Tuesday, 27 April 2010

All is not well...

I have been off work the last two days with a heavy cold. On Sunday night as I went to bed I suddently developed a really congested nose and a headache. I did not sleep at all all night long so needless to say felt dreadful in the morning. Yesterday, once I eventaully surfaced late morning, I flitted around the house feeling as though I wanted to do something but was really too tired. I ended up reading my book and watching a bit of TV - Dr Who on BBC iPlayer is brilliant! Matt Smith is fantastic! I didn't sleep great last night either and haven't been in to work today. I felt pretty rough up until after lunch when I had a couple of painkillers - which have also helped the pain from the pulled muscle in my neck I have managed to acquire - and now don't feel too bad. The tiredness really sets off my OCD and from yesterday morning I have been going over what I should do with my day even though I know I would not usually even be at home. I also tend to feel the need to define myself. I know this sounds odd and wonder if anyone else who has anxiety finds this too. It's as though I am insecure and I need to reconfirm to myself who I am and what I "do" in my life. Does this make me sound really weird?!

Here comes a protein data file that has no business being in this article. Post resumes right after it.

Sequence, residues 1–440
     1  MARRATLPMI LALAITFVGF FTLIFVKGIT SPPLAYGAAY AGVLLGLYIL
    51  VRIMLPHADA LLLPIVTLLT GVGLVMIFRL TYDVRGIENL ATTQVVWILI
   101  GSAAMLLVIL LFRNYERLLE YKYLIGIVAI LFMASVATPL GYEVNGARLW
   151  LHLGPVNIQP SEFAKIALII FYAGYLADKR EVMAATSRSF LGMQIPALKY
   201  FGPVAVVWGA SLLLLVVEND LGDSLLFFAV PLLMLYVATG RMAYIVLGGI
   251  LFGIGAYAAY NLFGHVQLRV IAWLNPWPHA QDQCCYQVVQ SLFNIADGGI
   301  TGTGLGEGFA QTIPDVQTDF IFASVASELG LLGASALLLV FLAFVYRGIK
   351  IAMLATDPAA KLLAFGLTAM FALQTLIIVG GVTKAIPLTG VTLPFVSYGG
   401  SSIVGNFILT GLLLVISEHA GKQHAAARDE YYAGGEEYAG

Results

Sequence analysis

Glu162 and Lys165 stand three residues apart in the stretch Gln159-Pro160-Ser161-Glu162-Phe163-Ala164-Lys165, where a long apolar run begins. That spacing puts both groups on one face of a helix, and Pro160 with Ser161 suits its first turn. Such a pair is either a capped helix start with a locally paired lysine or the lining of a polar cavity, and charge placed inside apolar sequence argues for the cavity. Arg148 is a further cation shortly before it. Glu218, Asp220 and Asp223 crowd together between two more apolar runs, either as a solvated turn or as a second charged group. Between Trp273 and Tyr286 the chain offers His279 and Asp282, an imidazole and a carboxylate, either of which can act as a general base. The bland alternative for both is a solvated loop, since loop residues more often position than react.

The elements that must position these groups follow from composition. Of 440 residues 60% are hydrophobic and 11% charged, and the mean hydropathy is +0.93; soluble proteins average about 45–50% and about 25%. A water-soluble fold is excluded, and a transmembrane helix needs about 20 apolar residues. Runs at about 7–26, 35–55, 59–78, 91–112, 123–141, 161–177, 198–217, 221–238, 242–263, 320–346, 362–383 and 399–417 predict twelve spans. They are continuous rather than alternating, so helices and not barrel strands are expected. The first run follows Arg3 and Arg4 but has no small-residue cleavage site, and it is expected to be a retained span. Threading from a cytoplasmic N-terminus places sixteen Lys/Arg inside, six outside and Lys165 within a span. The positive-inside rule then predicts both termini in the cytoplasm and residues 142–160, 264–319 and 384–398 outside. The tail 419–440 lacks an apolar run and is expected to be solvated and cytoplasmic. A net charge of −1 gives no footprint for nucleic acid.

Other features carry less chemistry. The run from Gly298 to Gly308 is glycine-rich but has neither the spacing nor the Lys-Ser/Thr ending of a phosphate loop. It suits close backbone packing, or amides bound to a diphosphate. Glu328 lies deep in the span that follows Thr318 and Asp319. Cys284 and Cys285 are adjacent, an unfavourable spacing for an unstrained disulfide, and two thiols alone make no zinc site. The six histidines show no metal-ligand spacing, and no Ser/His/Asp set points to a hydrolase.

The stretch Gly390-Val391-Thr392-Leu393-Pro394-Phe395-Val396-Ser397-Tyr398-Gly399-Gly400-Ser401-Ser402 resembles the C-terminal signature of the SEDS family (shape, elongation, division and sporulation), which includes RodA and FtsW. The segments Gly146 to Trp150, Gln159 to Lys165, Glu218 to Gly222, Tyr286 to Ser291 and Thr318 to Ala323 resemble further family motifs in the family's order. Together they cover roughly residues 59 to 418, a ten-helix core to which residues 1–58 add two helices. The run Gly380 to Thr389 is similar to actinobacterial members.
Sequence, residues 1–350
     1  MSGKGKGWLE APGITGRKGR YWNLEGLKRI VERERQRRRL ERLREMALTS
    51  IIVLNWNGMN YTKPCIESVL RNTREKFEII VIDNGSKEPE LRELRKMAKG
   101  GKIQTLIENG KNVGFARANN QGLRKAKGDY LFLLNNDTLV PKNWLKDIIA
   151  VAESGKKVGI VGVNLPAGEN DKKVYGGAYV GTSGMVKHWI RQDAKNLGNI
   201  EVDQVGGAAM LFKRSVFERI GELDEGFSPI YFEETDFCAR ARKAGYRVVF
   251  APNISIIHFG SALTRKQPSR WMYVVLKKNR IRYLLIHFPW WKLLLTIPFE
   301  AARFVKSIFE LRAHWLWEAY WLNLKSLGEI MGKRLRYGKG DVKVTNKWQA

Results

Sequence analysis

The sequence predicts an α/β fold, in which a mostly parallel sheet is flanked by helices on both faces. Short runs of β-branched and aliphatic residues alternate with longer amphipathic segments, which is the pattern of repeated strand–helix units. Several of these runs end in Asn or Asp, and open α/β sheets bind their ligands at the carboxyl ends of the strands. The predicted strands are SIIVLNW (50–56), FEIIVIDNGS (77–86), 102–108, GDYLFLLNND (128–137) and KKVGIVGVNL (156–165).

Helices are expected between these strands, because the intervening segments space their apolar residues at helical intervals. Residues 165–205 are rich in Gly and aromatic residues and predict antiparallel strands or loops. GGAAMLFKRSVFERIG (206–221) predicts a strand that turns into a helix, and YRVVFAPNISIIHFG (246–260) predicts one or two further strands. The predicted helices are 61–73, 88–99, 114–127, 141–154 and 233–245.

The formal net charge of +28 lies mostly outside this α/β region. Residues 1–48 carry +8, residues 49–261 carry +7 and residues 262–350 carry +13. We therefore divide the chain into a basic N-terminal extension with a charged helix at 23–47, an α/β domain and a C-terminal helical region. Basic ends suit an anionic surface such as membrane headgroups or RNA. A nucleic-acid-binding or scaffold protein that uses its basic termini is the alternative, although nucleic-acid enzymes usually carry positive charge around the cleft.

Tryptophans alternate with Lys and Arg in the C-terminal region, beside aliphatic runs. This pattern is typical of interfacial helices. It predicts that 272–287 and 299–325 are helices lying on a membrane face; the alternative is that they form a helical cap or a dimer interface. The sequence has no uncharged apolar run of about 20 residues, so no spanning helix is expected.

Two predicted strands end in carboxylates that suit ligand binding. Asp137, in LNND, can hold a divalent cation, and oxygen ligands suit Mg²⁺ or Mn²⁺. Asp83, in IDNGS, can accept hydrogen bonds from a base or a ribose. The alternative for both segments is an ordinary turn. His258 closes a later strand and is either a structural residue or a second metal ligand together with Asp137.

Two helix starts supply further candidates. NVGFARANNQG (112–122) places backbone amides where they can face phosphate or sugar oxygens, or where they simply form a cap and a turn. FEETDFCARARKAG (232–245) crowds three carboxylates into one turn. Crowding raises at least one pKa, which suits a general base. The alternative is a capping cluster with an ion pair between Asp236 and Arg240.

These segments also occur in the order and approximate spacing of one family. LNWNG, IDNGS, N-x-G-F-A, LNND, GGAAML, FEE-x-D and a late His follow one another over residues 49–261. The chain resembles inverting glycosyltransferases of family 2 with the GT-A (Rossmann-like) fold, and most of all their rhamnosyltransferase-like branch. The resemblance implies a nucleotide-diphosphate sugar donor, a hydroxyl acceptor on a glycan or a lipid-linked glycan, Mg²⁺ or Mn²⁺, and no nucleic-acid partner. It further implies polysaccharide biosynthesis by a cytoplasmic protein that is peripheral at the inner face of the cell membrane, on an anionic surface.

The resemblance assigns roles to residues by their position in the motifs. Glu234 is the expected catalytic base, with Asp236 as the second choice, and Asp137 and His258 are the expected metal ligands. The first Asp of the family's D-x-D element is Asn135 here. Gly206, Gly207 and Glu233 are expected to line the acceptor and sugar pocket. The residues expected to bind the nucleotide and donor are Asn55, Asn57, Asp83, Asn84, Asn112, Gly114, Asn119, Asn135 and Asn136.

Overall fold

1. This sounds familiar. I have a version of this, where I obsess about whether I am doing the "right" thing at any given moment of the day. What if I choose the wrong task? What if it's at the wrong time? My compulsion has been to freeze and put off doing anything, for fear of making a mistake. Or go over in my mind what would be the best thing to do. I've worked in therapy to practice choosing what to do, even if it's "wrong"--it helps me to think of my "best guess" as to what I want to do in accordance with what I value and what is important to me, even as the ocd does a lot of squawking.

  2. I guess doing what you think might be right is better than doing nothing out of fear - more productive anyway! I will think of that next time, thanks. I like your "squawking" description of OCD. That's funny.